One-Act Plays at Ensemble Studio Theatre
Series C Superb
By: Susan Hall - Jun 23, 2019
37th Marathon of One-Act Plays
Ensemble Studio Theatre and Radio Drama Network
New York, New York
June 9-June 29
The five One-Act plays presented by Ensemble Studio Theatre, Series C, are a crowning achievement in this 37th Annual event.
The first one-act, I believe in a republic in which money has a great deal to say, a surprise stage suggests an opulent Newport home. Three ladies dressed in 19th century glory sip tea at a table. Bess (Megan Tusing) withstands a humiliating and degrading assault on her person. Mrs. Vanderbilt (Patricia Randell) is particularly noxious, even suggesting that Bess must eat a tea sandwich which has dropped on the floor. The reason for this order is that Bess refused to be blamed for knocking the sandwiches over. She didn't, but to object to anything Mrs. Vanderbilt says, even untruths, is not within the province of her job.
It is Bess's wish to become one of these women which echoes the familiar lyrics, "I believe above the storm the smallest prayer Will still be heard
I believe that someone in the great somewhere Hears every word Every time…
She dons Mrs. Vanderbilt's plumage as Mrs. Oelrichs (Delphia Harrington) looks on in her dead cat hat. Her husband will not allow her to keep a live one for comfort. Bess blooms in the end. Yet the other ladies do not wilt. Money and the idea of money has triumphed in this handsome and provocative piece written by Julia Specht and directed by Jamie Richards.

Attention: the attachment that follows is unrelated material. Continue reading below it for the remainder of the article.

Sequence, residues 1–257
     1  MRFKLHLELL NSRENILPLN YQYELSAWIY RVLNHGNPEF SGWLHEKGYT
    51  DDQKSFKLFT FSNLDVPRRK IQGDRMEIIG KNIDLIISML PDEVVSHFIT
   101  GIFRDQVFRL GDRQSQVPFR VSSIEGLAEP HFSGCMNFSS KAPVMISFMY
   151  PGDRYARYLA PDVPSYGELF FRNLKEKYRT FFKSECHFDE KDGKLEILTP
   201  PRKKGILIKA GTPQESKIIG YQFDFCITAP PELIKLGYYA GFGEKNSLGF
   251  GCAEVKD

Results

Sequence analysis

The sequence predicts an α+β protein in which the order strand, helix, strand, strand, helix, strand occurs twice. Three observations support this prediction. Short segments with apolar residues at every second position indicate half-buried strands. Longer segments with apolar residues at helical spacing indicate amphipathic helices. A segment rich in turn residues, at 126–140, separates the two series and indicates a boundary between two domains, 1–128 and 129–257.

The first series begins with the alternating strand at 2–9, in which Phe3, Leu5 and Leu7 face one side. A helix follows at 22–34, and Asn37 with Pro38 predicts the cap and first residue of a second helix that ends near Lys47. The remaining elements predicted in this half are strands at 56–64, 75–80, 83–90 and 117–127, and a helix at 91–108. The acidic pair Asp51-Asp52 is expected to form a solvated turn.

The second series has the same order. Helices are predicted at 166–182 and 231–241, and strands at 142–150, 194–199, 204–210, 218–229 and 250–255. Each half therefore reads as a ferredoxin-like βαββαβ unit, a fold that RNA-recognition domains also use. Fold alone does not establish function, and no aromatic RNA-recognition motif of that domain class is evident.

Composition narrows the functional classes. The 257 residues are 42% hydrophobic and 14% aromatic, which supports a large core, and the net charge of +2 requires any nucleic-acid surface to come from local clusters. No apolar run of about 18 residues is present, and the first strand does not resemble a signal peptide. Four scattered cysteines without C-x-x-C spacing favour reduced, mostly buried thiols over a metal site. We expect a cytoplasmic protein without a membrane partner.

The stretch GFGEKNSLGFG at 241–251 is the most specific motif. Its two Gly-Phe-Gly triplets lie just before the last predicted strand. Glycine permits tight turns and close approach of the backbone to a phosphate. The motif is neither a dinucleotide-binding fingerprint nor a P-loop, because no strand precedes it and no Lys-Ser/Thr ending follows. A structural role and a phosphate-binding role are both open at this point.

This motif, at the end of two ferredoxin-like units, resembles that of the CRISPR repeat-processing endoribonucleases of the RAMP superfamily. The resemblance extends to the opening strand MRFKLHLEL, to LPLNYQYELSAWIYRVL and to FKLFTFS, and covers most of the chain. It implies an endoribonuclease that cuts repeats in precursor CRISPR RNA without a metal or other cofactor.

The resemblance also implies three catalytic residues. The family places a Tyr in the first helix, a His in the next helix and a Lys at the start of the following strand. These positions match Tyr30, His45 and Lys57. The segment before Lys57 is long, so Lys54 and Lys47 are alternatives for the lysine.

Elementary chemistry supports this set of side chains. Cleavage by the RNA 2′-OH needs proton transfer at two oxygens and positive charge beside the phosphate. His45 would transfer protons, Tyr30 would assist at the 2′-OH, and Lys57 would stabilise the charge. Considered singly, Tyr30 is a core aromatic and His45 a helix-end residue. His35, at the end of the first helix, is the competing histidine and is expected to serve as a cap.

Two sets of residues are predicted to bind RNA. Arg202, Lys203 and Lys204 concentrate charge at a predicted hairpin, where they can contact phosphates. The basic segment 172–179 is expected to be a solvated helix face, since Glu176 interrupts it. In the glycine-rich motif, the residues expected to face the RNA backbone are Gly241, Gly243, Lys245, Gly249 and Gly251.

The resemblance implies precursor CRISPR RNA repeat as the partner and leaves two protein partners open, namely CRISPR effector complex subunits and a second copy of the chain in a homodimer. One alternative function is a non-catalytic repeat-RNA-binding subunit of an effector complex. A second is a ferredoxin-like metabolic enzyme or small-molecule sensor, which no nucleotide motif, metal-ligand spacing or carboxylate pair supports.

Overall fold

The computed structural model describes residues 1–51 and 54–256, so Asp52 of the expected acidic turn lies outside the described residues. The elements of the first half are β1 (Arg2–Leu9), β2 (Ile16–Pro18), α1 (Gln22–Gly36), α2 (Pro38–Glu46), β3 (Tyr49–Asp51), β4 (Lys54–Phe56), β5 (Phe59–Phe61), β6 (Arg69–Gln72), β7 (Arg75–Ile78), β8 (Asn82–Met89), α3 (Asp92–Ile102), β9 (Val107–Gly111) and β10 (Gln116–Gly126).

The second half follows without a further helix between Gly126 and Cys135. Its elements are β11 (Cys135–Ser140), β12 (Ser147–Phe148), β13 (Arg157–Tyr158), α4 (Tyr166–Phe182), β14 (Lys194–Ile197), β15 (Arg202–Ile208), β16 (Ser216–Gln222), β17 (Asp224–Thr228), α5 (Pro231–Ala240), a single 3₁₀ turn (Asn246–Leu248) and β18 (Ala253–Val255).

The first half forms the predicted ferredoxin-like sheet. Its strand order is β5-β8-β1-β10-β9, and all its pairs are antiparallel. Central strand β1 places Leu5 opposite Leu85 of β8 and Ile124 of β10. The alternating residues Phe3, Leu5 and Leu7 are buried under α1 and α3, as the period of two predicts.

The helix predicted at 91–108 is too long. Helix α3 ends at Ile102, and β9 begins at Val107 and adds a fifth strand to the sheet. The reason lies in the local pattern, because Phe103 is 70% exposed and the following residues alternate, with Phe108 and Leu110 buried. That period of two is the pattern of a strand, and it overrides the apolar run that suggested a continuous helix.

Mandarin Duck is a delightful and moving exploration of immigration or migration by Lloyd Suh, directed by Peter Kim. Suh creates two very different immigrants from Korea, Grace (Cindy Im) and Youni (Soomi Kim). Grace is married and has children. Youni feels she is invisible in the United States. She hangs out in a Korean nail salon and has snitched a pair of bird watching binoculars. The ladies are looking for a Mandarin duck who has been sited in Central Park. Mandarin Ducks, of course, live in East Asia. They look like North American wood ducks, but the possible confusion of species is not noted. The characters focus on how it feels to be an outsider in a new land. How would a mandarin duck feel in this strange place. In the end, they spot a rose-breasted grosbeak, lovely but also common. This may be what the immigrants wish for themselves.
The Tourists is hilarious. Courtney Ulrich directs to give a steady, forward thrusting beat to Stephen Brown's setting. This is the last night in Paris for Debra (Talaura Harms) and Peggy (Helen Coxe), two middle-aged ladies who often travel together. Roly poly Deb is set on having a romance with a native male. She celebrates flesh. Peggy's heart is set on a visit to Sacre Coeur. Deb sets out to seduce Dmitri (Marshall Taylor Thurman) who has been delivering food and hope. What follows is surprising, funny and also touching. Two BFFs have never had such a terrific trip to Paris.
Jesus the woman has arrived in New York. Kate Attwell imagines the reaction in her. The setting feels like a new world take on Jose Saramago's Blindness. Bibilical injunctions, reports of water turned to wine, and a populations refusal to see, are at the heart of this play. All the ensemble players are very good.
In Fall. Elizabeth Van Dyke is Ma, decrepit, confined to a wheelchair and speechess. Her daughter Tey (Suzete Azariah Gunn) provides care, or rather a caretaker, Rose (Lori Parquet). Rose likes Ma. Tey does not. Yet the two women will fight over Ma, who has lost it all. That someone could care for Ma is a revelation for Tey, and leads to a conclusion, in which Van Dyke draws tears from the audience.
The set, ever moving, is created by Frank J. Oliva and effective and appropriate for each setting. The evening provided uniform theatrical pleasure.